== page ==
1.5.3 Amino acid sequences
With 20 different amino acids as constituents and proteins several hundred amino acids long, it would in theory be possible to construct an almost infinite number of different protein molecules. But a particular protein only functions correctly in the body if it is made of a particular set of amino acids joined together in precisely the correct sequence.
In what form does the code exist that enables cells to make proteins and all their other components?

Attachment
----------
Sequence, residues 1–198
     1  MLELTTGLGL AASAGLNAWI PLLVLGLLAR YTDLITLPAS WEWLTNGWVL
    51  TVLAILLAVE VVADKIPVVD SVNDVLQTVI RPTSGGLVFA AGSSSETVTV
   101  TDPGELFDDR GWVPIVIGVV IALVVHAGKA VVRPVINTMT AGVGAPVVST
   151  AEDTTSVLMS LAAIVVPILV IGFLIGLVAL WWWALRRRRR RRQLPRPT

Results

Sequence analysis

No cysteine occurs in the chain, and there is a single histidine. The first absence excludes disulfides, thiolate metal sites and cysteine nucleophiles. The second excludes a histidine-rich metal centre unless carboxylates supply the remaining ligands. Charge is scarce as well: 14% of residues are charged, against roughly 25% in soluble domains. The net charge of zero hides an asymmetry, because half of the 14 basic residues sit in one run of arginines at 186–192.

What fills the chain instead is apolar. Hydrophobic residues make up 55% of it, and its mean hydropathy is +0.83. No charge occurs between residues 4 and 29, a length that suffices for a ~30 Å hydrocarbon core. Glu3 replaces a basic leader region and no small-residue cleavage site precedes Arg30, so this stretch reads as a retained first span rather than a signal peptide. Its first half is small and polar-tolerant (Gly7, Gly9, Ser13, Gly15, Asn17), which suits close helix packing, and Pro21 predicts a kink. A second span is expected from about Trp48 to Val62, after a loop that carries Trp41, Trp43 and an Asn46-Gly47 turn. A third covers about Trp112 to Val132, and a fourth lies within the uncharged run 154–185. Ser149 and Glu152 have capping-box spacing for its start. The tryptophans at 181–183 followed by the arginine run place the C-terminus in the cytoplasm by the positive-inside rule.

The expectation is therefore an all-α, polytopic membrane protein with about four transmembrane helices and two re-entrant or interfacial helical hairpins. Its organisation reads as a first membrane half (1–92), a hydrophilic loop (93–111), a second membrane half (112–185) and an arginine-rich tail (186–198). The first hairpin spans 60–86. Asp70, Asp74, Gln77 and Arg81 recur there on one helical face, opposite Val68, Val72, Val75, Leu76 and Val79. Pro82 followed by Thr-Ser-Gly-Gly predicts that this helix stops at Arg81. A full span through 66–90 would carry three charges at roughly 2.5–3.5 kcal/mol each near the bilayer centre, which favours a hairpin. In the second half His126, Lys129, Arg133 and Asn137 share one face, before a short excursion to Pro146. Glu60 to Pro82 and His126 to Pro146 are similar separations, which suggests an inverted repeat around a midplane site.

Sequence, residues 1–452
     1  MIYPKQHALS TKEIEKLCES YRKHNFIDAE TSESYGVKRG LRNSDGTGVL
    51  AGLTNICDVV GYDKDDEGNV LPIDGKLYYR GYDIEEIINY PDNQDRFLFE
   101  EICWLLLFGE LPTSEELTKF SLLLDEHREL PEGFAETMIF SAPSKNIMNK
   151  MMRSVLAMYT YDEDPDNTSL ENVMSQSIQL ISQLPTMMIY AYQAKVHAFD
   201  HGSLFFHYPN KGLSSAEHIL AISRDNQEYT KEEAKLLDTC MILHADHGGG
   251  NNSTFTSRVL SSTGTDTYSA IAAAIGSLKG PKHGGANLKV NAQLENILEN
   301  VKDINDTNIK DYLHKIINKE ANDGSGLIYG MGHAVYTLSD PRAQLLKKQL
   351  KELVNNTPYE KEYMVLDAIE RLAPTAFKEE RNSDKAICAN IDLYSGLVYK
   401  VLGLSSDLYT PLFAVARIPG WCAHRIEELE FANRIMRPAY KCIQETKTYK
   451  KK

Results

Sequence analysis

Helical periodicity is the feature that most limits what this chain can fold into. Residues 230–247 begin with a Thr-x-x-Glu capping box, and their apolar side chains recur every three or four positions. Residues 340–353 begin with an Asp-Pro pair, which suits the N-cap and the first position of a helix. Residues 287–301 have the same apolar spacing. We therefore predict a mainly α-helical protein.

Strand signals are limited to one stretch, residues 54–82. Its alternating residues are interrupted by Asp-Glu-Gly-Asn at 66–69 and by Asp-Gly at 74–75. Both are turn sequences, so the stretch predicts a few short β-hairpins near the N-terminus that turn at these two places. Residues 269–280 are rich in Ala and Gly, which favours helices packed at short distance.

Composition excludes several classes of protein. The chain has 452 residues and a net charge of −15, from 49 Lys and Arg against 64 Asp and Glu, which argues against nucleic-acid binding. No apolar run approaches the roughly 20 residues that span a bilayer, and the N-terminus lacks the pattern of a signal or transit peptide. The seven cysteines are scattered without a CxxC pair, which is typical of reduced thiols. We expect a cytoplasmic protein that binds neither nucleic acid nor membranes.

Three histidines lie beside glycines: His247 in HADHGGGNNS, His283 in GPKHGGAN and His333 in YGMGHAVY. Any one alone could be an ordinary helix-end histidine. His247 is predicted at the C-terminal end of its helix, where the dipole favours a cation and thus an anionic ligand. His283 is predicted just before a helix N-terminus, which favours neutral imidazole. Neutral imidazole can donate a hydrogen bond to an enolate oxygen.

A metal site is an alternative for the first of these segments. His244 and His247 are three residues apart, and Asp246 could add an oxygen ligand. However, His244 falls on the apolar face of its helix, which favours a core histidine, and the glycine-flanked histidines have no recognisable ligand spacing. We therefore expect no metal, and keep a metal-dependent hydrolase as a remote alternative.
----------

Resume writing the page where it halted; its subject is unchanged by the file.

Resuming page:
The code exists in the DNA, which is present in chromosomes in the nuclei of human cells. This code gives the sequence of amino acids needed to make each protein.
The first protein whose amino acid sequence was worked out in the laboratory was insulin, a hormone secreted by the pancreas. Although insulin is composed of only 51 amino acids (as you will see later in Figure 8), it nevertheless took almost six years for a group of research scientists in Cambridge to complete the task. The group was headed by Frederick Sanger, who was awarded the Nobel Prize for this work in 1958. Since then, the speed of finding out the sequence of amino acids in a protein (a process known as ‘sequencing’) has increased hugely and the time for the process can now be measured in hours, rather than years.